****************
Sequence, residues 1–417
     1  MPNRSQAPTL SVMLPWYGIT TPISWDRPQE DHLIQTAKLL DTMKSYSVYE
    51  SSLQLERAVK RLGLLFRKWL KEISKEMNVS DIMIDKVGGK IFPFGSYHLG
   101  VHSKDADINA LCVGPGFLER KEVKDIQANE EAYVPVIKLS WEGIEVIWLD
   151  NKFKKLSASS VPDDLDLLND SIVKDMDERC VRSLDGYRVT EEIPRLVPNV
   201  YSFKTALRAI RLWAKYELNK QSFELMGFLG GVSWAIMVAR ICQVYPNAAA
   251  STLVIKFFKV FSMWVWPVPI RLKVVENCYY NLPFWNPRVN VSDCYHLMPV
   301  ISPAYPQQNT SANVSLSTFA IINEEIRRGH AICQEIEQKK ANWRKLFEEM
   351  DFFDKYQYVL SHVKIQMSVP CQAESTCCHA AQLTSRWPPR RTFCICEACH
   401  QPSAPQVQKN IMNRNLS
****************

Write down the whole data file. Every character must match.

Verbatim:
Sequence, residues 1–417
     1  MPNRSQAPTL SVMLPWYGIT TPISWDRPQE DHLIQTAKLL DTMKSYSVYE
    51  SSLQLERAVK RLGLLFRKWL KEISKEMNVS DIMIDKVGGK IFPFGSYHLG
   101  VHSKDADINA LCVGPGFLER KEVKDIQANE EAYVPVIKLS WEGIEVIWLD
   151  NKFKKLSASS VPDDLDLLND SIVKDMDERC VRSLDGYRVT EEIPRLVPNV
   201  YSFKTALRAI RLWAKYELNK QSFELMGFLG GVSWAIMVAR ICQVYPNAAA
   251  STLVIKFFKV FSMWVWPVPI RLKVVENCYY NLPFWNPRVN VSDCYHLMPV
   301  ISPAYPQQNT SANVSLSTFA IINEEIRRGH AICQEIEQKK ANWRKLFEEM
   351  DFFDKYQYVL SHVKIQMSVP CQAESTCCHA AQLTSRWPPR RTFCICEACH
   401  QPSAPQVQKN IMNRNLS